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Choose to Invest F.Y. 2024
Development programming supports need-based, longterm investments in areas ranging from food security to democracy to climate in all areas of the world.
Development programming supports need-based, long-term investments across a broad spectrum of global issues, ranging from food security to democracy to climate adaptation and more. U.S. investment in international development yields significant benefits, not only for recipient communities who overcome poverty and advance sustainability, but also for America’s economic and national security interests.
Communities worldwide are facing an unprecedented breadth and depth of shocks and challenges, including the ramifications of the COVID-19 pandemic, intensifying climate impacts, entrenched conflict, and rising costs. These shocks are exacerbating global poverty levels, worsening food insecurity, straining water resources, and threatening fiscal and economic stability. These challenges reaffirm the need for the U.S. to work in partnership with allies and invest in global recovery efforts.
In response to Russia’s invasion of Ukraine, the U.S. stood up against authoritarian aggression, helping promote self-determination, freedom, and democracy. The U.S. government quickly mobilized support for the Ukrainian people impacted by the conflict, helping to reduce food, fuel, and fertilizer shortages and mitigate harms caused by displacement. U.S. commitment has also mobilized support from the G7 and multilateral institutions.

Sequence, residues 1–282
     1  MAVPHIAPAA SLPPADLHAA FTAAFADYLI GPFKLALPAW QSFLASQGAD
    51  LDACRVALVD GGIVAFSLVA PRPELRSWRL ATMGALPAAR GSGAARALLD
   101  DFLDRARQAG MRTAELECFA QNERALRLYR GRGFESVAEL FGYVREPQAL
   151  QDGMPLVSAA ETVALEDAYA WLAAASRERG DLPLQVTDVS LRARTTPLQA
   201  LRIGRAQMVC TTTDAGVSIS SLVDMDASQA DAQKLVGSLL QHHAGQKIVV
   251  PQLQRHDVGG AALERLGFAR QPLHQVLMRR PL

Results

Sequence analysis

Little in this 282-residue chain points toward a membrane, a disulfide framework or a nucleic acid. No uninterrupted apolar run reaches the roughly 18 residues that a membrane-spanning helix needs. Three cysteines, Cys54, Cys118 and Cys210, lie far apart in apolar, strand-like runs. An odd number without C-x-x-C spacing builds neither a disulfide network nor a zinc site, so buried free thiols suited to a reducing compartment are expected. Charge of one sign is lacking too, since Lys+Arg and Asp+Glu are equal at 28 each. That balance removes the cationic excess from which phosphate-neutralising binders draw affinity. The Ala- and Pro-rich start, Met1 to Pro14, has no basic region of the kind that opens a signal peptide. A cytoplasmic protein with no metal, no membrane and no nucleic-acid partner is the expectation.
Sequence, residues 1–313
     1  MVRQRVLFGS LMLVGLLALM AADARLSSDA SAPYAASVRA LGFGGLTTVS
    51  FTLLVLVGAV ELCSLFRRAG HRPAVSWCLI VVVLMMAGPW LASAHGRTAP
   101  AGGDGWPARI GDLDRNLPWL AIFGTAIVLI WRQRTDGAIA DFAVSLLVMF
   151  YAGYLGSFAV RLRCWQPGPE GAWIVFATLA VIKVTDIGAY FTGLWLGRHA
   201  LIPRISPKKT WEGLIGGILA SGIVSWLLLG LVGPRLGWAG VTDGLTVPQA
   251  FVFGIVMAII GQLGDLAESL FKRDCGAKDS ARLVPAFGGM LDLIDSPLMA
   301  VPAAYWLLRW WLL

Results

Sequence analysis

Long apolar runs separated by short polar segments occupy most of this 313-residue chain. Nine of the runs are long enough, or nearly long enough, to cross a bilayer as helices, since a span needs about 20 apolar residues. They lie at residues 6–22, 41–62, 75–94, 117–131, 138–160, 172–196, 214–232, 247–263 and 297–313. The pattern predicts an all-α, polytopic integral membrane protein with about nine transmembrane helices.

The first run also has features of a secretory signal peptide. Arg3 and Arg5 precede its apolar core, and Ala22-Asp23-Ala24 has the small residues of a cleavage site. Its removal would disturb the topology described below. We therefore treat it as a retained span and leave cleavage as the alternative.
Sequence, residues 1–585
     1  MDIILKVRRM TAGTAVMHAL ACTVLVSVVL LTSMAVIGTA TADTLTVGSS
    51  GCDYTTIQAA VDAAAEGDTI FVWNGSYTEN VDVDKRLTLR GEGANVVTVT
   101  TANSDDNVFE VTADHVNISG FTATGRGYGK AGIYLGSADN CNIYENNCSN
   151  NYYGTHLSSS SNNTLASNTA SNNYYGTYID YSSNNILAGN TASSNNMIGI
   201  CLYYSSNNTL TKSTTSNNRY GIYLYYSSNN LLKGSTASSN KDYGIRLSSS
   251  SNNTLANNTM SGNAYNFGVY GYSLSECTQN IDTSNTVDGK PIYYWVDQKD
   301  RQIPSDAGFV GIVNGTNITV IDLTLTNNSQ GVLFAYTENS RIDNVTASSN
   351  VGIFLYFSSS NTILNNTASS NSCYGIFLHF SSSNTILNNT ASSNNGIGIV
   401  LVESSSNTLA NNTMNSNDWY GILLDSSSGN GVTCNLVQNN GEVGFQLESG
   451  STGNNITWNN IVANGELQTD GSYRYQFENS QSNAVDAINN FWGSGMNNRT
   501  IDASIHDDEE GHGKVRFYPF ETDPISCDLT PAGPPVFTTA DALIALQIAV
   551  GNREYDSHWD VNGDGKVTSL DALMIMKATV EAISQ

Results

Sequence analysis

While investing in development strengthens U.S. global leadership, it also supports communities confronting crises such as climate change, basic education, and conflict. Following the U.S.-Africa Leaders Summit in December 2022, the U.S. committed $55 billion over the next three years to support trade and inclusive growth investments, technology and innovation, health, climate change, food security, and governance across the continent. These programs and initiatives are designed to deepen long-standing areas of cooperation between the U.S. and African countries while revitalizing and expanding partnerships to meet the shared challenges and opportunities of the future.
Investment in international institutions reinforces U.S. leadership while preserving our role in a changing world. U.S. participation in international financial institutions, like the International Monetary Fund, multilateral development banks, and sector specific trust funds, helps stabilize communities and lessen the impacts of climate change while improving the lives of millions.
The World Bank aims to commit, on average, over one-third of Bank Group financing to climate, with at least half of that finance supporting adaptation. This is especially crucial in South Asia, the second-largest recipient of concessional financing after Sub-Saharan Africa, where monsoons are becoming stronger and less predictable.
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